Getting a new 235 togather for my 37 and its going to get a PCV system,the present 235 has the original 37 valve cover and road draft tube which I would like to retain but does not have to function. Thinking about cutting the road draft tube in half so I can block it off and weld a bung in to accept the PCV real close to the block so it will not be so noticable,now the 37 valve cover might have to go since it has no oil fill cap and will need to breath so I think I do have a later 216 valve cover that has one and if not will get one. Those 216 valve covers have vents so I will have to find a way to close them but do not want to alter the looks of the valve cover from the outside so I need to know if this plan is doable and if anyone has done it I would like to know how you done it,I do have the present 235 looking like a 216 as much as I could even with a 216 side cover modified to fit and the new 235 will be painted the original color this time.
On the 216 / old style 235 valve cover, you can braze the vent slits closed if you are going to paint the valve cover. Or, JB Weld as Fox suggested. As you probably know, you can use a later style oil fill cap that contains filter material on valve cover, as your PCV system inlet. Should work fine.
I have seen factory PCV setups with the vacuum to the valve cover. Where is the engine air intake? Others pull air into the valve cover with the vacuum line being connected where the original draft tube is. Is there any advantage as far as which way the air is pulled through the engine?
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Panic, a little more plumbing, but sure, that's even better, if the air cleaner has a port (or port added) for a vent line to the crankcase. There are closed oil filler caps that have a side port for such a line, in mid-60's Chevy's, as I recall. Wouldn't be hard to add a fitting for that to the valve cover as another option, which is what the factory RPO did.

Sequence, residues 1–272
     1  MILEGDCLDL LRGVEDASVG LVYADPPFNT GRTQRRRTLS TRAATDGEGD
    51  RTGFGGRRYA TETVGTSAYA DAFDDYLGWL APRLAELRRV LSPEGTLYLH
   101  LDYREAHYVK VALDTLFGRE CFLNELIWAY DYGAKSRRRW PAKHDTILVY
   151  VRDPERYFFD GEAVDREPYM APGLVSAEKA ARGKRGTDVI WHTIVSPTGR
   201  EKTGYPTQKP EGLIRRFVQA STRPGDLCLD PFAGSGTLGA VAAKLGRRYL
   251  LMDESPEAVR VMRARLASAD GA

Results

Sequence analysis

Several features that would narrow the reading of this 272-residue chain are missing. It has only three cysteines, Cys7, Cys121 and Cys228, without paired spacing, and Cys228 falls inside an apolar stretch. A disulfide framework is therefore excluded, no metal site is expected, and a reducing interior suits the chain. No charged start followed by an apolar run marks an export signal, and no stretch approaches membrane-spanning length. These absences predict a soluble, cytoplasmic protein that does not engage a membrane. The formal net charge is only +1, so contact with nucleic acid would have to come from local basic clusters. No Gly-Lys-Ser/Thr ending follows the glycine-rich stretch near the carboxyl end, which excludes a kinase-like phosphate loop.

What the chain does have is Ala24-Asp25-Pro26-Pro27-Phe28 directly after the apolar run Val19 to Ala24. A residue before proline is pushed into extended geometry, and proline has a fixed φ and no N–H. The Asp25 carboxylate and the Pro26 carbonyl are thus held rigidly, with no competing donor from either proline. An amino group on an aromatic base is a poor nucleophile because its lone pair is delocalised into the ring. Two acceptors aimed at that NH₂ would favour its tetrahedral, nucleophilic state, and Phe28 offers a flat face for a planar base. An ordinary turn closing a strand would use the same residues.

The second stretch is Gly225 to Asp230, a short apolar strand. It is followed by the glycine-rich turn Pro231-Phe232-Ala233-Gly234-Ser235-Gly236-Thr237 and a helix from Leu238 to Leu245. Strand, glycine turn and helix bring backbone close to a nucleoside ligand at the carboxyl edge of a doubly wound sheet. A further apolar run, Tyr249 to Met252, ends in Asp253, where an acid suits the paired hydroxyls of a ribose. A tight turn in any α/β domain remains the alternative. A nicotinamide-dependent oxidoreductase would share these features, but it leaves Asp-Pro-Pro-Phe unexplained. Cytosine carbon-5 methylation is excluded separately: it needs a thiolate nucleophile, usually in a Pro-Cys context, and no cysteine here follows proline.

J, shouldn't be any practical difference if the vacuum is at the valve cover, and air inlet elsewhere, or as is typically done on the 216/235/261, vacuum at the original draft tube location and fresh air inlet at the valve cover. The optional factory system had vacuum at a modified draft tube top piece, provided fresh air from the clean side of the air cleaner to a new fitting installed on the side of the valve cover, and used a closed oil fill cap. I like this a bit better than putting a PCV valve directly where the draft tube fit, since it provides additional baffling. See the image:
I prefer to have negative pressure in the engine. So I've made a dipstick which seals with 2 o-rings (fits in the stock dipstick tube) and I use an oil filler cap with a center hole into which a fitting with a reduced hole goes. When I have it choked to the point of what I think is the right engine negative pressure (positive pressure encourages oil leaks) then it goes to a hose which in turn is filtered. On the valve cover, I have made wide spreader bars which keep that sucker pressed down tight out of aluminum...as I recall it was 3/16" thick. You can see them here. https://beta.photobucket.com/u/JonGoodman/p/9ce484b5-5a62-475f-886a-8b51a08ceca0
There are 2 of these on each side of the valve cover reaching end to end and meeting in the center.
With a 216, having vent slots in the valve covers, I would not bother with rigging a PCV setup. Your engine will be just fine without it as long as you change your oil every 3,000 miles and seldom drive on dirt roads, or across hay fields all day long. Someone posted a few years ago that they closed the vents, added a PCV setup to draw air from the modified down draft tube, to the intake manifold, only to find out that white creamy deposits formed on the underside of the valve cover. This creamy deposit is caused from steam which normally wafts out of the valve cover vents, but is now collecting on the underside of the valve cover since it cannot get out any more. A better PCV setup (if one 'must' have one) in my opinion would be to pull air through a positive crankcase valve installed in the top of valve cover, going to the intake manifold windshield wiper port. Then you will need to provide a fresh air source from the center of the air cleaner, going to the modified down draft tube. To recap: Crankcase fumes are sucked out of the top of the valve cover, into the intake manifold. (This solves the accumulation of white creamy deposits on the inside of the valve cover from steam due to closed vents.) Clean air is drawn from the center of the air cleaner, down through the bottom of the block via the modified downdraft tube. Carl